- Sad, fearful and angry thoughts can weaken the body's
protective immune system and make it more vulnerable to disease, according
to a brain scanner study published today.
- Researchers have long known that a link exists between
psychological states and immune response, notably between depression and
vulnerability to a wide range of diseases. However, the mechanism behind
this link is poorly understood.
- Now a direct connection between brain activity and immune
function has been demonstrated in an experiment by a team at the University
of Wisconsin, Madison.
- A paper by the team in the journal Proceedings of the
National Academy of Sciences today pinpoints one of the mechanisms underlying
the link, revealing it to lie in the brain's prefrontal cortex. This region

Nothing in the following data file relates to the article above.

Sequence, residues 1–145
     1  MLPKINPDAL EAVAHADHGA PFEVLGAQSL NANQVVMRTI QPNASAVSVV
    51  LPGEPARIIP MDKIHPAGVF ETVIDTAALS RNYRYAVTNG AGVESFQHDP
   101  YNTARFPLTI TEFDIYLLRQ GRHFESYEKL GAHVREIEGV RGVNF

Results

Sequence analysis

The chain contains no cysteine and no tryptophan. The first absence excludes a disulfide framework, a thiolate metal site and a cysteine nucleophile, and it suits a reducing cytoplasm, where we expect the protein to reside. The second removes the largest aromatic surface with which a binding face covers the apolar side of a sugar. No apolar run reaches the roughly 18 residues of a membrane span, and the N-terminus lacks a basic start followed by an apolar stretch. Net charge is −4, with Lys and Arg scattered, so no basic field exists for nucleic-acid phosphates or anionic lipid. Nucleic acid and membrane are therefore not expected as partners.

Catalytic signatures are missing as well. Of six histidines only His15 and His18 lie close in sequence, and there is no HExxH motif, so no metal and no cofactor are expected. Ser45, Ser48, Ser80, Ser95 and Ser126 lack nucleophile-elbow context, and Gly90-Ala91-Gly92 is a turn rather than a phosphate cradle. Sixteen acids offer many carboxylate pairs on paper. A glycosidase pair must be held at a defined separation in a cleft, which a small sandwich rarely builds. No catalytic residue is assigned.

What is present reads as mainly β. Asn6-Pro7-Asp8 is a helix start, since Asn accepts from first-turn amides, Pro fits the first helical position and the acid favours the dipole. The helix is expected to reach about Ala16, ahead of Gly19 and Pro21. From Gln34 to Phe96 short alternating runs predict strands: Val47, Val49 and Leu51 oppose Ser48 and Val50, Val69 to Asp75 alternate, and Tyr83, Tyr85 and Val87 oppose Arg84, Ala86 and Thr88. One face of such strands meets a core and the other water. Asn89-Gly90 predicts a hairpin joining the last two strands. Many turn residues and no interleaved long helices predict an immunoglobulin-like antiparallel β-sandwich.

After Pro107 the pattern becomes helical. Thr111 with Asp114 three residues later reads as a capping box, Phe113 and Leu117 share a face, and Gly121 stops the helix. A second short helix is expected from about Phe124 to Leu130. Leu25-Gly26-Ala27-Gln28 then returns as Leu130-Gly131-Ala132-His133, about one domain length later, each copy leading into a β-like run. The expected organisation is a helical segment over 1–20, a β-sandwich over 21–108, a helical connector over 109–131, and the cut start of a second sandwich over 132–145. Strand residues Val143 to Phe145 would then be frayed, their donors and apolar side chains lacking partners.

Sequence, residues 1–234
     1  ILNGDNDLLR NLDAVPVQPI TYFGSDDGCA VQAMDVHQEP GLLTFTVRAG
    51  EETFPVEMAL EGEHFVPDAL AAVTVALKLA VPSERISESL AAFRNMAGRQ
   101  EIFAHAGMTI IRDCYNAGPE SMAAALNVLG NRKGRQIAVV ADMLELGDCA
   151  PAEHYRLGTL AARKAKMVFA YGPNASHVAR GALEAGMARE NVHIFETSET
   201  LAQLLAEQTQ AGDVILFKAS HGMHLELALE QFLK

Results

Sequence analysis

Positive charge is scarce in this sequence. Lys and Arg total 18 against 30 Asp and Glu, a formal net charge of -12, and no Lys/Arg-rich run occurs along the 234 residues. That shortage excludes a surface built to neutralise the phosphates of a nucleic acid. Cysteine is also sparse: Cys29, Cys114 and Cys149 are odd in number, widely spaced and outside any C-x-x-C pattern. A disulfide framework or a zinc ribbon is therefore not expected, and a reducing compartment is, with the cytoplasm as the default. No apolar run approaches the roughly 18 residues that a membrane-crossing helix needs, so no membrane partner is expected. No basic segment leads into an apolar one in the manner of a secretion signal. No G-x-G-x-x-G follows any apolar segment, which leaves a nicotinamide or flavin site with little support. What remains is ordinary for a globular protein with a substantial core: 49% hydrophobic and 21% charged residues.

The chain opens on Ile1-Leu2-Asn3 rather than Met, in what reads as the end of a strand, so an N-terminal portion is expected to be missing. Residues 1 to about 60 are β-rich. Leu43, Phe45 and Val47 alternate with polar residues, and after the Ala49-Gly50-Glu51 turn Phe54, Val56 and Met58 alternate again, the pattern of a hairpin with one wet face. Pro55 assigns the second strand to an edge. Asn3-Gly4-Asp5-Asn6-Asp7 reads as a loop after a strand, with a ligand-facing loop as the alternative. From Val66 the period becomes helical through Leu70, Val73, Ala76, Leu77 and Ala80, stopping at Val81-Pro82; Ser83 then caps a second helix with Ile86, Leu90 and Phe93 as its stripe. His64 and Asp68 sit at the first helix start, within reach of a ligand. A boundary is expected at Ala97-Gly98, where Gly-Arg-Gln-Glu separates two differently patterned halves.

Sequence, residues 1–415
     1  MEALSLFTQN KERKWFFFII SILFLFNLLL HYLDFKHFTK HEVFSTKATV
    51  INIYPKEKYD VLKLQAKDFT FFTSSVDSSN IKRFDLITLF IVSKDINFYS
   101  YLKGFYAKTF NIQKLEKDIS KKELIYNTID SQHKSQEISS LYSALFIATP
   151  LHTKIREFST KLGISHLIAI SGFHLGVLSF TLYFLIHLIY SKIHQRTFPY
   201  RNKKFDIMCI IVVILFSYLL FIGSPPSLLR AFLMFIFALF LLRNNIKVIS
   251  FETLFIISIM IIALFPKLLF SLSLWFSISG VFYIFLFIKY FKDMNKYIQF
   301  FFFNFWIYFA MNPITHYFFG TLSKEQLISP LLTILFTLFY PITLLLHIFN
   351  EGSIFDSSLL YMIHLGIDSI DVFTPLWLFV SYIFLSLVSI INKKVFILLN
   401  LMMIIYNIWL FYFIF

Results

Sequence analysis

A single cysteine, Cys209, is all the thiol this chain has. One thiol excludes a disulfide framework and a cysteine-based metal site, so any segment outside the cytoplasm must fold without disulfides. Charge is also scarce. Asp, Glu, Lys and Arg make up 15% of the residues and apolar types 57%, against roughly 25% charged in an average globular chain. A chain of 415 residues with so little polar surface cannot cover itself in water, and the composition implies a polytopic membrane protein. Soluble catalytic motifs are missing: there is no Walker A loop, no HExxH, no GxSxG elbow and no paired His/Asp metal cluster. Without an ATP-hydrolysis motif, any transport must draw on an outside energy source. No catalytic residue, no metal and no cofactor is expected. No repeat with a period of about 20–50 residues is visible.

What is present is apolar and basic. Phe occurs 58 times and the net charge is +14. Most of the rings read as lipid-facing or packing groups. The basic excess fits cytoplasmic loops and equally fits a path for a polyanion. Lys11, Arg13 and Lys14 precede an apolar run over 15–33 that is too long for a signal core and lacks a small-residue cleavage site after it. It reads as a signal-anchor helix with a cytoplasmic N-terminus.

has long been associated with emotions, as well as planning and awareness.
- Dr Richard Davidson and colleagues asked 52 female subjects
to recount either the best or worst times of their lives by thinking and
then writing about these subjects.
- As the subjects wrote, the researchers measured physiological
indicators of emotional reactions and used electroencephalograph recordings
to measure electrical activity in the brain.
- Each participant was then given a flu shot, and flu antibody
levels were measured at intervals in the six months afterwards. Those subjects
who exhibited more intense negative emotions while recounting negative
experiences produced a weaker response to the vaccine, suggesting they
had impaired immunity.
- While earlier studies had linked emotional and physical
health, as well as brain activity and emotion, Dr Davidson said none had
established a direct link between brain activity and immune function.
- © Copyright of Telegraph Group Limited 2003.